Given the uncertainty created by recent global trade disputes, the Fall Economic Statement announces the Government's intention to significantly bolster export opportunities for Canadian businesses, and diversify Canada's overseas trade. More must be done to help Canadian exporters accelerate their presence in new markets, and take advantage of the new opportunities that exist because of the trade agreements the Government has secured in the past three years. To that end, the Government is proposing to launch an Export Diversification Strategy, with a target of increasing Canada's overseas exports by 50 per cent by 2025.

In total, the Export Diversification Strategy will invest $1.1 billion over the next six years, starting in 2018–19, to help Canadian businesses access new markets. The Strategy will focus on three key components: investing in infrastructure to support trade, providing Canadian businesses with resources to execute their export plans and enhancing trade services for Canadian exporters.

Figure 3.1
Export Diversification Strategy

Figure 3.1 - Export Diversification Strategy - For details, refer to the preceding paragraph and linked text version.

[Figure 3.1 - Text version]

Investing in Infrastructure to Support Trade

To boost Canada's ability to trade overseas, the Government will accelerate investments in our ports and trade transportation corridors leading to Asia and Europe, including key ports on the east and west coasts. To inform these investments, the Government will be taking a comprehensive and strategic approach to reducing freight bottlenecks and seizing future opportunities along Canada's major trade corridors, by:

Investing to Help Canadian Businesses Export and Grow

While Canada has had success in gaining preferential access to key markets via trade deals, more must be done to ensure that Canadian firms take full advantage of international growth opportunities. In particular, small businesses represent 99 per cent of all businesses in Canada and employ more than 10 million Canadians, but only 11 per cent are currently engaging in exporting. The Government proposes to invest $198 million over six years to put more resources directly in the hands of Canadian businesses seeking to develop export plans, build global partnerships, or gain skills and training for global trade by:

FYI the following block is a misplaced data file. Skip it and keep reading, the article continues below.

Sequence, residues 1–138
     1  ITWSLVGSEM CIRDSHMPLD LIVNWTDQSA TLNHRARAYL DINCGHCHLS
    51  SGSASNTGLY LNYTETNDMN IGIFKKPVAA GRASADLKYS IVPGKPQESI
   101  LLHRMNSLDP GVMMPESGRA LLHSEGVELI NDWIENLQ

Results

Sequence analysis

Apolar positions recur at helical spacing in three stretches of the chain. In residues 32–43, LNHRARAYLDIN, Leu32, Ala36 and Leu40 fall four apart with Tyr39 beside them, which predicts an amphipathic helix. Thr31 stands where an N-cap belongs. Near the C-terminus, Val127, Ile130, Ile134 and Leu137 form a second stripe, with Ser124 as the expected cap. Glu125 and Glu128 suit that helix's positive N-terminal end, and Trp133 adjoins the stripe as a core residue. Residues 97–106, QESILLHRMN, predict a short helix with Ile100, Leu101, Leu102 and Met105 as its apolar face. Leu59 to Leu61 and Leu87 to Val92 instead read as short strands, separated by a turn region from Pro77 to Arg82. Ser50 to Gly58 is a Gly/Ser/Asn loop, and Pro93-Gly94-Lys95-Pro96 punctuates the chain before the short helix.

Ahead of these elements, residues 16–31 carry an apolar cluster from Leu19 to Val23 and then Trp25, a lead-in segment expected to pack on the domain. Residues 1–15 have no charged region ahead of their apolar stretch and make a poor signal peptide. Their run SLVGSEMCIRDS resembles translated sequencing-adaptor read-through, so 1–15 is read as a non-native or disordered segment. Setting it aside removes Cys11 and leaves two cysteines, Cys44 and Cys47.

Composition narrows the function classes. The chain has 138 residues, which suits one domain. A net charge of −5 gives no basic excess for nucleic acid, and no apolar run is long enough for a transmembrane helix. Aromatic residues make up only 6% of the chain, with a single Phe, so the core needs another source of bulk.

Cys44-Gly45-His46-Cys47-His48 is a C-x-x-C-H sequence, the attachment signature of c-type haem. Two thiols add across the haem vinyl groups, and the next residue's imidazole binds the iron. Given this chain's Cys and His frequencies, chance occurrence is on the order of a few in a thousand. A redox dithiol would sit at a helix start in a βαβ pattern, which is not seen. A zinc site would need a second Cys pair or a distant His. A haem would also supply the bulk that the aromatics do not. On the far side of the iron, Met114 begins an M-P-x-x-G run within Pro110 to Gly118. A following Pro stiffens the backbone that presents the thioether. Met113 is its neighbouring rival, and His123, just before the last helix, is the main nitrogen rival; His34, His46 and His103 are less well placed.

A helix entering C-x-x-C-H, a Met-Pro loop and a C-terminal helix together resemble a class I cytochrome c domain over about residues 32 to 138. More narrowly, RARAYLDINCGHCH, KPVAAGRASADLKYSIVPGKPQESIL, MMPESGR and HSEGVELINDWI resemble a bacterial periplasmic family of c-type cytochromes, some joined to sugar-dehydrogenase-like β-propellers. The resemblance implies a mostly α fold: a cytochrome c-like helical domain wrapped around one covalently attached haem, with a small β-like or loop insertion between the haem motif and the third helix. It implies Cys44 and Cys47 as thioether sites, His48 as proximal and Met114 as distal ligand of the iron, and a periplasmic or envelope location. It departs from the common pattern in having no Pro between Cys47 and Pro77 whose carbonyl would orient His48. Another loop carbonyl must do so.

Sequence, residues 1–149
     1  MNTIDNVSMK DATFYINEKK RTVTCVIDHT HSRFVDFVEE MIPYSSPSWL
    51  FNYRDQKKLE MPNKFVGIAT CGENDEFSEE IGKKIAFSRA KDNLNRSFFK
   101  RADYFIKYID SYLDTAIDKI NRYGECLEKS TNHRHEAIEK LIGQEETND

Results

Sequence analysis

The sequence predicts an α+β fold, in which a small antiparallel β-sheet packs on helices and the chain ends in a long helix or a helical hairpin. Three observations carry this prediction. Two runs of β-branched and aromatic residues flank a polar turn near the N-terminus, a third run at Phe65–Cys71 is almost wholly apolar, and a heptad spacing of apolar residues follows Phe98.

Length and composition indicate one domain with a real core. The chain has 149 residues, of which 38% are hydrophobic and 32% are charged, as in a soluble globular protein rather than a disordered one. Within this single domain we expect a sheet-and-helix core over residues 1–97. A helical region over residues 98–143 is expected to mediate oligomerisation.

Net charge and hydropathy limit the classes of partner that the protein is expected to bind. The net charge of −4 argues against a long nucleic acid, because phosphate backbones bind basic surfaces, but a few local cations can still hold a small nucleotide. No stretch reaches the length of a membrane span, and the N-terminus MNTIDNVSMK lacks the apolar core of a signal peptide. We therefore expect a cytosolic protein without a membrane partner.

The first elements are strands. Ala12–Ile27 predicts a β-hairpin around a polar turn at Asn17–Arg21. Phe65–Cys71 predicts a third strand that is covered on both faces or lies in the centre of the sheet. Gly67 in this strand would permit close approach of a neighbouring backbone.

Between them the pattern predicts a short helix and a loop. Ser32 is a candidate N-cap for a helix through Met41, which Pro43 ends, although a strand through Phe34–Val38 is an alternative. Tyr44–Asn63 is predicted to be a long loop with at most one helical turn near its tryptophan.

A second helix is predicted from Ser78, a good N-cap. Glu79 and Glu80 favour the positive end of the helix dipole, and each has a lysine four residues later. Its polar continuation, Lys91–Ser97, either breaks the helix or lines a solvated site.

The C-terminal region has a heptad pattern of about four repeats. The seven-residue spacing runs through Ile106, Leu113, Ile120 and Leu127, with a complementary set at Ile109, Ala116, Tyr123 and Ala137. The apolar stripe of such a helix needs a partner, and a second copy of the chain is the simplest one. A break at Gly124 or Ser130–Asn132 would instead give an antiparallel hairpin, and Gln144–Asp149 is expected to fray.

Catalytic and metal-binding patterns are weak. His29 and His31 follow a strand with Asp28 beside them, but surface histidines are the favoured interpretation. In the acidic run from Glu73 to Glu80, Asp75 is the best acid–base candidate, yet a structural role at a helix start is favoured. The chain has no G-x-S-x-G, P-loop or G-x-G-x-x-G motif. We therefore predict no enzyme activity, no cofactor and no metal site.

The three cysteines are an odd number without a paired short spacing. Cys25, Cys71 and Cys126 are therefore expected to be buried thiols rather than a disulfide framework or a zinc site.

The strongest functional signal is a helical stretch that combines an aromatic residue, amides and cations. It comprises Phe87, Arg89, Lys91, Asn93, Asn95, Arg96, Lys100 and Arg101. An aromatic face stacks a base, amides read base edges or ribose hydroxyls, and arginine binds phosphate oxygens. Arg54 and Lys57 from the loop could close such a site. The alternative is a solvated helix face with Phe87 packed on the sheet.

CanExport: Giving Businesses the Support They Need to Succeed in New Global Markets

Under the new Export Diversification Strategy, the Government will be tripling the size of the Canadian Trade Commissioner Service's CanExport program, helping more Canadian businesses move into new markets. Over the last six years, this program has provided funding for 1,000 export projects by Canadian firms in 82 countries, generating $100 million in new export sales.

A CanExport Success Story: 4Deep inwater imaging, from Halifax, Nova Scotia, has patented holographic technology to create powerful microscopes that enhance research and discovery. With the support of CanExport, the company is marketing and promoting its submersible microscope system in India, where it is used to monitor water quality in lakes, rivers and oceans.

Enhancing Trade Services for Canadian Exporters

In addition to providing direct financial support and other resources to businesses to grow their overseas exports, the Government proposes to invest $184 million over the next five years to enhance the Canadian Trade Commissioner Service (TCS) and other federal capacity at home and around the world to support the growth and diversification of Canada's exports. This investment will make it possible to:

Canadian Technology Accelerator (CTA) Program